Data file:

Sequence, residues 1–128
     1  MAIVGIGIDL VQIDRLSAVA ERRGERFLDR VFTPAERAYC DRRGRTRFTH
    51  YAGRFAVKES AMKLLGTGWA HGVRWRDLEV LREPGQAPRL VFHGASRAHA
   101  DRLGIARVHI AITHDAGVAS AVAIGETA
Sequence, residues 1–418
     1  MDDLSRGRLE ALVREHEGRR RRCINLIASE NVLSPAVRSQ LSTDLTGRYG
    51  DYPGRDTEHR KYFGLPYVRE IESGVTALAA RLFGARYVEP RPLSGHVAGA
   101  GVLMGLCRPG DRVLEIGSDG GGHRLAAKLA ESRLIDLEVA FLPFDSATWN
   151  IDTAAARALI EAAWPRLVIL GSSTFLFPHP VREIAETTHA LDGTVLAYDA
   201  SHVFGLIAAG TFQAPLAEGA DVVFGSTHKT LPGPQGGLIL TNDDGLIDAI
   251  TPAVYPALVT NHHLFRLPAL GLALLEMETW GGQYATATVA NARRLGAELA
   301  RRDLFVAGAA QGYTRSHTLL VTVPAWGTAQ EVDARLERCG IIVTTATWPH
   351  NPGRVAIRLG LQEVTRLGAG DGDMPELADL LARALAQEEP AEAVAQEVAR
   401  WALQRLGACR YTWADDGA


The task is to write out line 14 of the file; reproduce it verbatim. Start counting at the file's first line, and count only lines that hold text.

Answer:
   401  WALQRLGACR YTWADDGA